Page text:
John B. S. Norton
Bitting Smith Norton was born in April 1872 to Samuel J. and Louisa
Norton of Cocke County, Tennessee. He relocated to Kansas in the late
1890s to attend the Kansas State Agricultural College at Manhattan, now
Kansas State University.
He received both his Bachelor of Science and
his Master of Science degrees from the Kansas State Agricultural College
(KSAC) in 1896 and 1901, respectively. While he was in school, he
worked as an assistant professor at the Agricultural Experiment Station
of the KSAC from 1894 to 1896 and as a botanical assistant at the
Missouri Botanical Garden in St. Louis, Missouri, from 1896 to 1901.
J. B. S. Norton then moved to Maryland,
where he was appointed State Plant Pathologist as well as professor of
botany and plant pathology at the Maryland Agricultural College and was
a founder of the college's herbarium.
As State Plant Pathologist, he was responsible for experimentation,
botanical surveying, gathering and disseminating information, and
instruction. He also shared responsibility with the State Entomologist
for nursery and orchard inspections.
In 1912, Dr. J. B. S. Norton of the
Maryland Agricultural Experimental Station began selecting tomato plants
for disease resistance. In 1915, he sent several unnamed resistant
selections to tomato growers and breeders. Included in the list was
Fred J. Pritchard of the USDA who started his
own disease-resistance work that year. After further selection work, he
released the 'Norton'
tomato in 1917. It became one of the leading disease resistant tomato
varieties, especially in the Eastern tomato growing regions, for some
Norton gave up his position as State Plant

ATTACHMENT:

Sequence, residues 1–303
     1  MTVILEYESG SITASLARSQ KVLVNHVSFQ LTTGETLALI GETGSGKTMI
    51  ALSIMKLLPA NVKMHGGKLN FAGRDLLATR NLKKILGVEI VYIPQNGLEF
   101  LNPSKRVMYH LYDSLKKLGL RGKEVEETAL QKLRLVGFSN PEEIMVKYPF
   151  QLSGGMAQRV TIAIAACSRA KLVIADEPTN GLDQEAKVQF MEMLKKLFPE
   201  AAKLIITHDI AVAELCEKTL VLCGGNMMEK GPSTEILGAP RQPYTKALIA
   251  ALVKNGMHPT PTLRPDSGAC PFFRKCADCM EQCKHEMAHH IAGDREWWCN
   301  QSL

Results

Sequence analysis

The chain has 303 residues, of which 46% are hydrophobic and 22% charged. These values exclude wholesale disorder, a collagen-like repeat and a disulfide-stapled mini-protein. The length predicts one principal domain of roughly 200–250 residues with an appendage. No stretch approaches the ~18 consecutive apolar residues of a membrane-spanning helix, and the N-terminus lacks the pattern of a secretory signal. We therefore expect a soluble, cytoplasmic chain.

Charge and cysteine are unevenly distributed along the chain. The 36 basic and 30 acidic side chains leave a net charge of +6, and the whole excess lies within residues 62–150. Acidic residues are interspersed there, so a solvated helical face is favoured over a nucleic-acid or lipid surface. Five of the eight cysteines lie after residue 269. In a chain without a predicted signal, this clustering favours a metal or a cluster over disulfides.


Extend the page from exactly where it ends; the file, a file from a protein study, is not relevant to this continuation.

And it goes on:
Pathologist in 1914 to devote all of his time to his teaching and other
duties at the Experiment Station, a unit of the Maryland Agricultural
Norton was also a prolific writer who
contributed articles to magazines, bulletins, newsletters, newspapers,
and Bailey's Cyclopedia of American Horticulture. During his tenure at
the Maryland Agricultural College (1901-1942), he belonged to many
horticultural societies and served as secretary-treasurer of the
Maryland Horticultural Society.
The University of Maryland granted Norton
an honorary Doctor of Science in 1923. He retired from teaching on April
1, 1942, at the age of seventy and held the title of professor emeritus
until his death.
After his retirement, Norton grew dahlias
for sale and show at his Hyattsville home under the name Norton Gardens.
He belonged to the First Baptist Church of Hyattsville and Mount Vernon
Lodge No. 179 of the Masons. J. B. S. Norton died on July 10, 1966, in
Prince George's County, Maryland, at the age of ninety-four.
J. B. S. Norton Papers at the University of Maryland - Article
and republished, for educational purposes, under the fair use clause
of the 1976 copyright act. Text and images carry the copyright of
their respective authors, photographers, and publishers. This page may
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of Agriculture," USDA, 1937.
of Wilt-Resistant Tomatoes," by Fred J.
Pritchard, USDA, Bulletin No. 1015, March 28, 1922.
Norton-Brown Herbarium, University of Maryland -
Image copyright University of
Maryland; Botany Department photographs; Special Collections,
University of Maryland Libraries. Republished here for educational
purposes, under the fair use clause of the 1976 copyright act.
of J.B.S. Norton circa 1916, Library of Congress, Call Number
Guide to the Archives and Manuscripts of the Missouri Botanical Garden,"
by Martha Riley, St. Louis, MO, 1995